The Weekly Newsletter of MIT Linguistics

Phonology Circle 5/4 - Donca Steriade (MIT)

Speaker: Donca Steriade (MIT)
Title: Uniformity in intersecting paradigms: evidence from A. Greek accent
Time: Monday, May 4th, 5pm – 6:30pm

Abstract: I analyze paradigm uniformity effects that affect accent placement in Ancient Greek nominals. Some of the generalizations have been known since Herodian, in the 2nd cent. AD. What may be new is that a general correspondence system, governing all nouns, adjectives and participles, underlies the known uniformity cases, and others.

The Greek system is interesting because it combines aspects of cyclic inheritance (Base Priority effects, in the sense of Benua 1997) with properties sometimes considered incompatible with cyclicity: the Greek Bases are not contained in their Derivatives; each Derivative has multiple competing Bases, as well as a non-Base input; and uniformity competes with paradigmatic distinctness constraints (Kenstowicz 2005, Löfstedt 2010).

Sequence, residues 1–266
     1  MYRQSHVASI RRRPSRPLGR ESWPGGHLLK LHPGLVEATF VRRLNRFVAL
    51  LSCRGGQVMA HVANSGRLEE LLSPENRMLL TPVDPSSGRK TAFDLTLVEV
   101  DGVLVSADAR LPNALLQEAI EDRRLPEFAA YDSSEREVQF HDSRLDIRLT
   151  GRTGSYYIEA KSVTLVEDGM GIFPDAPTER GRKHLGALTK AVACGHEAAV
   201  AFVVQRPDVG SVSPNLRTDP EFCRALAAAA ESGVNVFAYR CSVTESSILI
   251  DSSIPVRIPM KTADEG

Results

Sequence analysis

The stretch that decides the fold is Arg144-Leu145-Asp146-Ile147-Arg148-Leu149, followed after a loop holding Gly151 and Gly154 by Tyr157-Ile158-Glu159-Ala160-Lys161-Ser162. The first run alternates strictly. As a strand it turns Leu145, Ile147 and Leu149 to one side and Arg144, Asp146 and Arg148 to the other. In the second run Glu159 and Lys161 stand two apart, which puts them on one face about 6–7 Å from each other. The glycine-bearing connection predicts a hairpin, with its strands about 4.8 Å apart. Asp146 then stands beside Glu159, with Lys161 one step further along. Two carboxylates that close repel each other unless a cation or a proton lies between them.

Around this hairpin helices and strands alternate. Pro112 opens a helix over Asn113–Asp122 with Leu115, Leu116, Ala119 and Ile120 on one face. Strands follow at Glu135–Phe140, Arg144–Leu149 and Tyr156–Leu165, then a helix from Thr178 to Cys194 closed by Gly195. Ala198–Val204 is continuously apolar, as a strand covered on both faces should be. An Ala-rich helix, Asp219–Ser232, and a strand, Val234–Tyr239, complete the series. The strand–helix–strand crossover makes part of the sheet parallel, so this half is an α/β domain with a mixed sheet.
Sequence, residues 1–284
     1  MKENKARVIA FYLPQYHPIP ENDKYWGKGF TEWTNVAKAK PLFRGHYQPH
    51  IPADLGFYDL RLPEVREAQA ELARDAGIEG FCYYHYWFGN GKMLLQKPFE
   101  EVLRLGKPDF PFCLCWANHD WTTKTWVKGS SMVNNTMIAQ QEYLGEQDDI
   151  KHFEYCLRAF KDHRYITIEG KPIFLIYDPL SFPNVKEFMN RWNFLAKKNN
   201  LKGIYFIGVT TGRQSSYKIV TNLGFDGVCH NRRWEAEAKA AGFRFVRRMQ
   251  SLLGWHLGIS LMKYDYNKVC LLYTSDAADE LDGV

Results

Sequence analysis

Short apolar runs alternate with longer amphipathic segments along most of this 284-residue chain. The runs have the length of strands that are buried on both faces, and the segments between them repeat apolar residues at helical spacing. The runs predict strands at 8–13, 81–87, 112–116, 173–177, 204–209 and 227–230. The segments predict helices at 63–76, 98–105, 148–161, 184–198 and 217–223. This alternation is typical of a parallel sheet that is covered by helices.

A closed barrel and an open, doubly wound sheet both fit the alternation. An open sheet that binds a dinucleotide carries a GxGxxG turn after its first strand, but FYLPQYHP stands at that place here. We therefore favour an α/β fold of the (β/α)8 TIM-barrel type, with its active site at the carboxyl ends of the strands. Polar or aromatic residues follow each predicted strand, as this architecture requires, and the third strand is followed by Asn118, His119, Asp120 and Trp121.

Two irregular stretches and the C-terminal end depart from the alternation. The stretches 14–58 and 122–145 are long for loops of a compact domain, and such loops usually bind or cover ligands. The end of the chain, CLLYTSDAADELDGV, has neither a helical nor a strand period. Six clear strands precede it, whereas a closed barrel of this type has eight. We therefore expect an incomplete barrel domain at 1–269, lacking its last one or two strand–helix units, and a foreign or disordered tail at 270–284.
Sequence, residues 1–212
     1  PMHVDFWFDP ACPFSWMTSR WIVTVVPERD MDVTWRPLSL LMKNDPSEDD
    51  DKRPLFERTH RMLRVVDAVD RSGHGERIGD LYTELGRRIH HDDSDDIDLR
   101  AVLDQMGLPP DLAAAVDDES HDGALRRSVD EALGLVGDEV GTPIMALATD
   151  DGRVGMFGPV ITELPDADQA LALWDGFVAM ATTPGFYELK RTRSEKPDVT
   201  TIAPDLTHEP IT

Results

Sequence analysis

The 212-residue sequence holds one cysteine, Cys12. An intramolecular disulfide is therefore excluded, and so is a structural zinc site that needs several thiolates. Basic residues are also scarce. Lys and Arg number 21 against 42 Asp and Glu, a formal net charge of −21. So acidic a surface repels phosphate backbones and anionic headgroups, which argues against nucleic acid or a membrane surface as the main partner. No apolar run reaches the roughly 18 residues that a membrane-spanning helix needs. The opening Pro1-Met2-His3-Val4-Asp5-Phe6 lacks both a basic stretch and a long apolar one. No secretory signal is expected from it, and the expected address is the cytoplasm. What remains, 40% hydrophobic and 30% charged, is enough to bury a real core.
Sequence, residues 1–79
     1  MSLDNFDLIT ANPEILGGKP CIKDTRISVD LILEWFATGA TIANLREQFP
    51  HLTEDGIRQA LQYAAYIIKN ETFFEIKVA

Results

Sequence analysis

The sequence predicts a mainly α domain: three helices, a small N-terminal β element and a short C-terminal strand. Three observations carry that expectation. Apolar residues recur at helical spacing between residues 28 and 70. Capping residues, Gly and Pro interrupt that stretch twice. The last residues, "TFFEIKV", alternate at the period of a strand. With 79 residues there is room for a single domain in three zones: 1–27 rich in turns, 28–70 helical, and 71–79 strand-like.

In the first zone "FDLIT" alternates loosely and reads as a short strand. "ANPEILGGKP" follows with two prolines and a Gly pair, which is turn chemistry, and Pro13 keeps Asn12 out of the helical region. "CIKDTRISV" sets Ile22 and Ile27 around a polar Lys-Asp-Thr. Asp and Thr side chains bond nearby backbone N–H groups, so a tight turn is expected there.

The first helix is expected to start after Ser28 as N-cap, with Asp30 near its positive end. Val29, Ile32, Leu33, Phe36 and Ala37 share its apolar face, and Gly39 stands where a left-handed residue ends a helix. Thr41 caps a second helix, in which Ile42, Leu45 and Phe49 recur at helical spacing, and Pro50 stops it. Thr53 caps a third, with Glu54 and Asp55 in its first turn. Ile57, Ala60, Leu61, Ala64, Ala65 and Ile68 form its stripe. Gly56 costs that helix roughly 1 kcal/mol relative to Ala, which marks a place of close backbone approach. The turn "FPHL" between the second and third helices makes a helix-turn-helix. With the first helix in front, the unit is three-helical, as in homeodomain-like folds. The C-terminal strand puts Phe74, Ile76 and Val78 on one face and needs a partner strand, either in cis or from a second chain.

There are three important mechanisms in the analysis. A paradigm is a set of lexically related forms sharing one or more syntactic features. Paradigm uniformity stems from the requirement that such a set of forms must have correspondent stems, in a phonological sense. Such correspondence requirements may compete, because paradigms overlap, and their conflict is resolved by ranking. Base Priority arises when faithfulness to the unmarked realization of one form in the set (a notion to be defined) outranks faithfulness to the unmarked realization of other forms in the set.

How the Base of a paradigm is selected remains a mystery, but see Albright (2002, 2011).